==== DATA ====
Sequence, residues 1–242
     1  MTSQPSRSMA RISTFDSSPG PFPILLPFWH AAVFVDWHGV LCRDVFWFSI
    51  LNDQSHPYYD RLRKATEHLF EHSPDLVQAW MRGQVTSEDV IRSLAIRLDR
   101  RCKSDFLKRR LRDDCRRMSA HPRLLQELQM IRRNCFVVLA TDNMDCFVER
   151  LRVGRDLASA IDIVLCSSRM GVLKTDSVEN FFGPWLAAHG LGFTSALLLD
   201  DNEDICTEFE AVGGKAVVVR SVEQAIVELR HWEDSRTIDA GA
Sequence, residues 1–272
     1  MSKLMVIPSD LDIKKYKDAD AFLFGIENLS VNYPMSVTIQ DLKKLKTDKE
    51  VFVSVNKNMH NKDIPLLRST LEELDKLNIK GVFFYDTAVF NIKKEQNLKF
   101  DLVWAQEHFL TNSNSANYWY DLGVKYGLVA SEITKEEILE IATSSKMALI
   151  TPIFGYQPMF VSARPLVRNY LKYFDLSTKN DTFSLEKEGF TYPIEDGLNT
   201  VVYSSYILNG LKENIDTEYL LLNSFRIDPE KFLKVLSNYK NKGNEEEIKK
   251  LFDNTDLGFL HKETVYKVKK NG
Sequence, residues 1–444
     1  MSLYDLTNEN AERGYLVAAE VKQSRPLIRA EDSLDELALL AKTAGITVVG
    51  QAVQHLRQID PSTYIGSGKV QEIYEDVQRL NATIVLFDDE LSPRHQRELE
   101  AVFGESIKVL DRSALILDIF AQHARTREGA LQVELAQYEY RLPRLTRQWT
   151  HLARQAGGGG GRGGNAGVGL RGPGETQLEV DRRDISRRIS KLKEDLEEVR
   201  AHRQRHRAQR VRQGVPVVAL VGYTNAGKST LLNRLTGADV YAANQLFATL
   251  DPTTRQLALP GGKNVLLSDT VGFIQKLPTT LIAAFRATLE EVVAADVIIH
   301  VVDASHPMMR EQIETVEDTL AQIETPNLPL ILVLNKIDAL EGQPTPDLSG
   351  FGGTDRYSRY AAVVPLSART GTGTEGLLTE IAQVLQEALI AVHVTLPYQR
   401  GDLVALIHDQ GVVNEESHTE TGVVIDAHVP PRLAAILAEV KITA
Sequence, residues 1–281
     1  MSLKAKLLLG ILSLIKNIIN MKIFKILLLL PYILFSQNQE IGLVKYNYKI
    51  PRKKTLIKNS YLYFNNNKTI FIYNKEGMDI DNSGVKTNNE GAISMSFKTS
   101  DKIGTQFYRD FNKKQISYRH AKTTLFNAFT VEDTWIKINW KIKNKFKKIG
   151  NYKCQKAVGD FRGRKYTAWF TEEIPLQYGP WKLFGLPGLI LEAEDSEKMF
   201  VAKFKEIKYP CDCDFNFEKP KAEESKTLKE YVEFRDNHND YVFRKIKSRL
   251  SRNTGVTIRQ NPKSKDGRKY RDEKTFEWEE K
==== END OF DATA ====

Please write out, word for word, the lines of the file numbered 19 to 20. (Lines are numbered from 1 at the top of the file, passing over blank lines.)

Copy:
   201  AHRQRHRAQR VRQGVPVVAL VGYTNAGKST LLNRLTGADV YAANQLFATL
   251  DPTTRQLALP GGKNVLLSDT VGFIQKLPTT LIAAFRATLE EVVAADVIIH